“I’m saddened that unlike most of the rest of the developed world, our country’s lack of appropriate response has led to schools not being able to safely reopen,” says Rebecca. “It didn’t have to be this way. My son just turned eight years old, and has an IEP. This is very damaging to him from a psychosocial and developmental perspective, and for every other child as well.”

Rebecca says that she understands that no one truly knows what the virus is like, unless they’ve experienced it first-hand, know someone who’s faced the virus, or work in a hospital.

“The foremost reason why I shared my diaries, was that there’s absolutely no way the general public can grasp the reality of the ICU,” says Rebecca. “I’ve been a critical care nurse for as long as I’ve been married—going on 15 years—and my own husband doesn’t understand what I do and see every day. I wanted to give people a real fly-on-the-wall insight into the horror and indignity of being critically ill.”

A patient being turned to help oxygen intake.

Rebecca says she is careful to surmise and draw conclusions only from her own personal experiences in nursing, or from scientists and epidemiologists of repute… not from politicians, pundits, and memes.

“We’re inundated with information, including a ton of misinformation from a hundred different directions, and I want to shout the truth from the rafters,” says Rebecca. “It’s very real. To anyone who thinks this is overblown, or some sort of wacky conspiracy, I ask that they read my diaries.”

Rebecca with her family.

When Rebecca isn’t busy nursing, she enjoys hanging out with her family, and when it’s safely outdoors, friends. They like to relax at the beach and swim in the bay, but don’t go out to eat often. When they do, they try to go when it’s not busy, and enjoy Villa Nueva, High Tide, or Clayton’s Bistro & Bakery. The family also likes Spiro’s Gyros, Nado Gelato, and anywhere Matt Heinecke is playing the guitar.

“Coronado simply feels like home,” says Rebecca. “I like knowing my neighbors, next door, across the street, and down the block. I like running into my son’s teachers at Boney’s, and my fitness instructors at Vons. I like knowing my pharmacists, cashiers, and business owners by name.”

Despite her busy schedule, Rebecca makes time to engage her creative side. She’s been doing mosaic for about 20 years, using stained glass, fused glass, and smalti, which is a chunky Venetian glass.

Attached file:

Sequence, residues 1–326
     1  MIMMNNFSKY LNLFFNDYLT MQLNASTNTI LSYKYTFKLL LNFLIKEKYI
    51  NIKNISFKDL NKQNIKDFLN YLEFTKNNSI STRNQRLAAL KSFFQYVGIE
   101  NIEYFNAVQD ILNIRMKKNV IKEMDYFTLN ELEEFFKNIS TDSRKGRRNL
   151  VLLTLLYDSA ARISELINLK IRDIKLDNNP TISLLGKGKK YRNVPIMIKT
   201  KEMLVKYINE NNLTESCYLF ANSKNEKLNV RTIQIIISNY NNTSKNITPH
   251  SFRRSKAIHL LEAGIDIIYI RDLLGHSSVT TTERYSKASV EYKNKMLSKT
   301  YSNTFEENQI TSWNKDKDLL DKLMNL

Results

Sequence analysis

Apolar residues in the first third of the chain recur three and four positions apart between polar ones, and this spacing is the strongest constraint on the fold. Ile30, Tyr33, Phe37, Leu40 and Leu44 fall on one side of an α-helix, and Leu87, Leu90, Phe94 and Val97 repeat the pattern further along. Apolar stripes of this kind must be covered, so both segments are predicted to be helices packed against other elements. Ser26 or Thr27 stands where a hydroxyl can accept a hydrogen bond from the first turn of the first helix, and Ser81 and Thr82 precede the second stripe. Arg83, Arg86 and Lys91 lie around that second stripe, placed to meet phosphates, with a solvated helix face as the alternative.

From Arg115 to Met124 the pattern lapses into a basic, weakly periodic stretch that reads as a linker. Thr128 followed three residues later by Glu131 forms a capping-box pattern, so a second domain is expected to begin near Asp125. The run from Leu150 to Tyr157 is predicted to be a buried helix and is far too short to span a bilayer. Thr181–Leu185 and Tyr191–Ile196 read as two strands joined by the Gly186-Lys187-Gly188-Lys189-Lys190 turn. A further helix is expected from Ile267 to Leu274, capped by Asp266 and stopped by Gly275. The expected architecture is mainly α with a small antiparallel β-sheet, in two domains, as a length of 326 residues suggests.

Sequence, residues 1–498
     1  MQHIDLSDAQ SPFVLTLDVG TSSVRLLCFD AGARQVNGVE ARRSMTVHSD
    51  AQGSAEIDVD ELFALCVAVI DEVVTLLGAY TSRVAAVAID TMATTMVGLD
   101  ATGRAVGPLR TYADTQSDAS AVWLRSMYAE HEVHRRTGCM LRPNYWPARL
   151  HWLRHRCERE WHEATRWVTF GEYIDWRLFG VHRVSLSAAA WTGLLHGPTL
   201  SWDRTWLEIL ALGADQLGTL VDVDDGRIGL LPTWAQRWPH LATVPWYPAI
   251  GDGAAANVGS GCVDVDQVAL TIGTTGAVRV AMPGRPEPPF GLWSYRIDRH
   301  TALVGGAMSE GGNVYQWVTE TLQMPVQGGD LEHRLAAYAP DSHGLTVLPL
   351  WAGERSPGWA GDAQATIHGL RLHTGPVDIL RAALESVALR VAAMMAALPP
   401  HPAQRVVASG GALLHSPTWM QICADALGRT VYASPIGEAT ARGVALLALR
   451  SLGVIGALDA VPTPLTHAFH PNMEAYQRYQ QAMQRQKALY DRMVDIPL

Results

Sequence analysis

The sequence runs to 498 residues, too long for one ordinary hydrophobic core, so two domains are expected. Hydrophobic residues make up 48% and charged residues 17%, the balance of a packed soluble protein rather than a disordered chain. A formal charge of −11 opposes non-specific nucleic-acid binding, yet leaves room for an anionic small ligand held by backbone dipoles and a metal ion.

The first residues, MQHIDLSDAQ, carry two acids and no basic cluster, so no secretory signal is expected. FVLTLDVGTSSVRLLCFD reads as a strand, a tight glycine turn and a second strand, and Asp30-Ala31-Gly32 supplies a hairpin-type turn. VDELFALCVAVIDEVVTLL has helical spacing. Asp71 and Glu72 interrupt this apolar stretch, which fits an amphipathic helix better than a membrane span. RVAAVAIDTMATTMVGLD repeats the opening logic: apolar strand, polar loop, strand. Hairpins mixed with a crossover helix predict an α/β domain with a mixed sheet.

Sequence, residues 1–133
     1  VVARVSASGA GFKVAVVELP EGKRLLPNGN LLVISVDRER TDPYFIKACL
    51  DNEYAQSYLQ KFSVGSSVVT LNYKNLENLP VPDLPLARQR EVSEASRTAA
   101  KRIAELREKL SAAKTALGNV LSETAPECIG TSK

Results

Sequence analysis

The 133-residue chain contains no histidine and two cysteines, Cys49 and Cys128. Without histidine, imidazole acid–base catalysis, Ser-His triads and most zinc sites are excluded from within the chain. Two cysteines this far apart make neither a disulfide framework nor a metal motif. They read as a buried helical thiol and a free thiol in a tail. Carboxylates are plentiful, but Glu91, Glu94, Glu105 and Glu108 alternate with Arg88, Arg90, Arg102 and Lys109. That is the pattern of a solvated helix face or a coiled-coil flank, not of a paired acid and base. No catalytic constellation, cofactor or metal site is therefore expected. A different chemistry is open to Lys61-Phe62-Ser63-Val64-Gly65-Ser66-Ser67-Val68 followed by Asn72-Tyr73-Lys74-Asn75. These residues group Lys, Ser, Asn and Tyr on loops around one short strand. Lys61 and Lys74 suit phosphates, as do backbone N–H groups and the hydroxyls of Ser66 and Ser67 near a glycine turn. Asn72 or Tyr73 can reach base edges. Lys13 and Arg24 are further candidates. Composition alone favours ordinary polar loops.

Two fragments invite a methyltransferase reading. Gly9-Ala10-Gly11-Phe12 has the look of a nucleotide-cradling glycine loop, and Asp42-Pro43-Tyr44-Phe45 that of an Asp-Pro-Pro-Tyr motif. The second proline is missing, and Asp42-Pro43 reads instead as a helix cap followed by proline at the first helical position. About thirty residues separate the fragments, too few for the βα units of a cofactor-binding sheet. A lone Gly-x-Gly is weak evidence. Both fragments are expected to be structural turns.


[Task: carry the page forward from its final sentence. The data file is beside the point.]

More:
One of Rebecca’s many mosaics.

“Only in the last four years have I been really refining it,” says Rebecca. “I’m primarily inspired by the ocean.”

Rebecca was planning on making a mosaic surfboard with her son’s class for the CSF auction, but COVID arrived and shifted things around. She was also honored to have been chosen to be featured on a set of banners on Orange Avenue. She has had her work in a local gallery, and enjoys a business creating art for commission. (For more information on Rebecca’s mosaics, visit here website here.)

“Every time I come home over the bridge, I am blown away by how lucky I am to live in Coronado,” says Rebecca. “I’m grateful for my health, and for the health of my husband and young son. Being a part of this special community is a privilege I’ll never take for granted.”


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Christine Van Tuyl
Christine was born and raised in Texas, but moved to Coronado with her family as a teen in 1993. Although initially horrified by surfers, flannels and skateboards, she ultimately grew to love all things So-Cal. A graduate of UCSD, Christine got her first writing job on the KUSI ten o’clock news while simultaneously juggling a reporter position at the San Diego Community News Group. She worked as a public relations professional, a book editor, real estate professional, and a freelance writer before eventually succumbing to motherhood in 2008.A decade later, Christine resurfaced to start the Island Girl Blog, a Coronado lifestyle blog. In addition, she writes a monthly page for Crown City Magazine. Christine loves hanging out with her husband, Ian, and their two spirited daughters, Holland and Marley, who attend Village Elementary and Coronado Middle School. When she’s not working, you’ll find her practicing yoga, spilling coffee at school drop off, meeting friends for sushi, or sailing the Bay with her family and English Bulldog, Moshi. Have news to share? Send tips, story ideas or letters to the editor to: